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Record ID: 112
Award: Excellence in Research Communication
Student Major: Nursing
Project Advisor: Mohammad Othman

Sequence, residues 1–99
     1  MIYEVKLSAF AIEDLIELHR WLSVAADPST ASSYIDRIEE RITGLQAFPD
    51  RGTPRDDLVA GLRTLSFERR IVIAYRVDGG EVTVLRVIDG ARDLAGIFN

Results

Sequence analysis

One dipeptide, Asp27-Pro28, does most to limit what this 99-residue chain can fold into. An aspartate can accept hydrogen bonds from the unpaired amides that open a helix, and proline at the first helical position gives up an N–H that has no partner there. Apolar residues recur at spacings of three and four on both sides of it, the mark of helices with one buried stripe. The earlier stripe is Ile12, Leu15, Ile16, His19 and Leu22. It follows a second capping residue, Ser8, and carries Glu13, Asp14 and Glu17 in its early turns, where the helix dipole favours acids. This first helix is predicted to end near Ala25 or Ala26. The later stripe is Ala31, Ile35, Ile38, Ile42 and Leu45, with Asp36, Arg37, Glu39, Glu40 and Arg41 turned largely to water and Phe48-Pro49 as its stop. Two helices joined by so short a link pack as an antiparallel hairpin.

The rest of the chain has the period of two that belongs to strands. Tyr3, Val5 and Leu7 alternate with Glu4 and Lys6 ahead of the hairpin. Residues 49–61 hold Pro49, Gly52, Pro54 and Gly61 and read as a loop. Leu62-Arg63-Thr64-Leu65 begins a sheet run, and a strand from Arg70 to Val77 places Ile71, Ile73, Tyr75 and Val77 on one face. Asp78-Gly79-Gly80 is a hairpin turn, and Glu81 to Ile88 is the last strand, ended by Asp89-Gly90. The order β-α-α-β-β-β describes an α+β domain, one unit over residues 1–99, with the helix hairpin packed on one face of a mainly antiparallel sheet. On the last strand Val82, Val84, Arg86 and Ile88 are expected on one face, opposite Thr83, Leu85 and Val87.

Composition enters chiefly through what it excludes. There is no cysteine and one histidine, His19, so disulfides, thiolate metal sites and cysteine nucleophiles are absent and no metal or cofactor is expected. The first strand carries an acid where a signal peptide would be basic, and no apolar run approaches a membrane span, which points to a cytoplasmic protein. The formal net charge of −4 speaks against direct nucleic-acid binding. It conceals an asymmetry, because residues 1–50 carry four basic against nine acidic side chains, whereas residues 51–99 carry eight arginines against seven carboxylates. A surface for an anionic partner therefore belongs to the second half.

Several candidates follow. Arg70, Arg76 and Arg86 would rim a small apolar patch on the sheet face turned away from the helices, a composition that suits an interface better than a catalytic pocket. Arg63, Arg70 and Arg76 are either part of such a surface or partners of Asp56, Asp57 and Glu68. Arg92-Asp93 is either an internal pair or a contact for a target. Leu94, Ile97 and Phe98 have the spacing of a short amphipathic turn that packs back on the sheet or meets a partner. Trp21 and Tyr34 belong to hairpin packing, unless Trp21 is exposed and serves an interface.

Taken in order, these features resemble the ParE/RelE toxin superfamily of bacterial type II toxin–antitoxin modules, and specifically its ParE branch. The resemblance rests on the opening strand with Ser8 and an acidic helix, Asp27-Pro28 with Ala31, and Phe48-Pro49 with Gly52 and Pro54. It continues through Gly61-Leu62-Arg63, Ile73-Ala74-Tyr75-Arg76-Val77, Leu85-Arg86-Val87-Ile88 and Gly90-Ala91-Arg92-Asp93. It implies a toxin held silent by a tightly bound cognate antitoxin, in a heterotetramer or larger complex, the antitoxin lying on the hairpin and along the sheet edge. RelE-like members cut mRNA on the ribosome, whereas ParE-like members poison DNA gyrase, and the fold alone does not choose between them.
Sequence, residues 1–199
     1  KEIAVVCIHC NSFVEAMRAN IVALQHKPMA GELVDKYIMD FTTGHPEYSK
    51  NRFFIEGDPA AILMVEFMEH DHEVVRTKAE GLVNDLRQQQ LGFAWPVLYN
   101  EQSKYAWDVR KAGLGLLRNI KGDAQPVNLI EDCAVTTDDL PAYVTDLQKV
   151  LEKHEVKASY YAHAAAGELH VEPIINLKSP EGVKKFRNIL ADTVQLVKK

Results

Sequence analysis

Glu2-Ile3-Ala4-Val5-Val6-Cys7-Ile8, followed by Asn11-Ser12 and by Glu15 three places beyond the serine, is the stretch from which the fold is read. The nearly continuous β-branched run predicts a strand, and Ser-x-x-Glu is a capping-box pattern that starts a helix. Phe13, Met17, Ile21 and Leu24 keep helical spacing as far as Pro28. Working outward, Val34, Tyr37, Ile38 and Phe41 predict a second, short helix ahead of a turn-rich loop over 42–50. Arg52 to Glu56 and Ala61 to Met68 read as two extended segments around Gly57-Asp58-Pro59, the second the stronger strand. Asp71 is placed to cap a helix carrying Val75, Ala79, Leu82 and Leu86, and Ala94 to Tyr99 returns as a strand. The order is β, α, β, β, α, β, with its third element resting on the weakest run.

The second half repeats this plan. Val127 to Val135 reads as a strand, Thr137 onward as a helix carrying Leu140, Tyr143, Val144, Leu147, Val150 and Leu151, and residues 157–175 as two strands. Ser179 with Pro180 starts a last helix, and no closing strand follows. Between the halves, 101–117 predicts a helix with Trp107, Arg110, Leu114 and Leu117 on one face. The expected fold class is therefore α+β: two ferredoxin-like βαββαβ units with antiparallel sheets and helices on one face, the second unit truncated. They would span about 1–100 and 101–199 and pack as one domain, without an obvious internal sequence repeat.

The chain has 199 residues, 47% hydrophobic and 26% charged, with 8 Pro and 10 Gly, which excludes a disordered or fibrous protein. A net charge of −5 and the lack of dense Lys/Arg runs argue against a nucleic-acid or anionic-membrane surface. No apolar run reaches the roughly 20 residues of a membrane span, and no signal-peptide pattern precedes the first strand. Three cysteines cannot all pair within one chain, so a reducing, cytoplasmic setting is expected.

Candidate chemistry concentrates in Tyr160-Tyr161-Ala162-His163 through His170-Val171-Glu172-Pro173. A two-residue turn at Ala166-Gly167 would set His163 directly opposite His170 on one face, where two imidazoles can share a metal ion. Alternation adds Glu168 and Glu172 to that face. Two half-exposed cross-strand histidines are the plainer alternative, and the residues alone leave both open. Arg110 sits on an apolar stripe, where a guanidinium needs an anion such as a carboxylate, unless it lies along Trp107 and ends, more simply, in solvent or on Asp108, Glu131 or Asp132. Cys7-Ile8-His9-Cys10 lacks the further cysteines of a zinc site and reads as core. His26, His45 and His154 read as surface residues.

Abstract: Intensive care unit (ICU) nurses experience an extensive number of alarms on an average day, some experiencing as many as 45.5 alarms per patient, per hour. As a result of this continual exposure to frequent alarming, 72.4% of nurses report experiencing alarm fatigue. The research question of focus is as follows: Among nurses working in ICUs, how does patient-specific alarm customization as compared to current practice reduce alarm fatigue? Research identified utilization of customized alarm parameters based on individualized patient characteristics as a promising solution to the issue of alarm fatigue but recognized inconsistent practice of alarm customization. The objectives were to increase awareness of alarm fatigue, its potential effects on nurses and patients, and emphasize the importance of utilizing patient-specific alarm customization in a more uniform way in hopes of decreasing alarm fatigue. An educational intervention was implemented for University of Cincinnati Medical Center Medical ICU nurses involving a verbal presentation with a supplemental brochure outlining what alarm fatigue is, its prevalence, how it affects nursing, the importance of implementing patient-specific alarm customization, and recommendations for change. Results pending.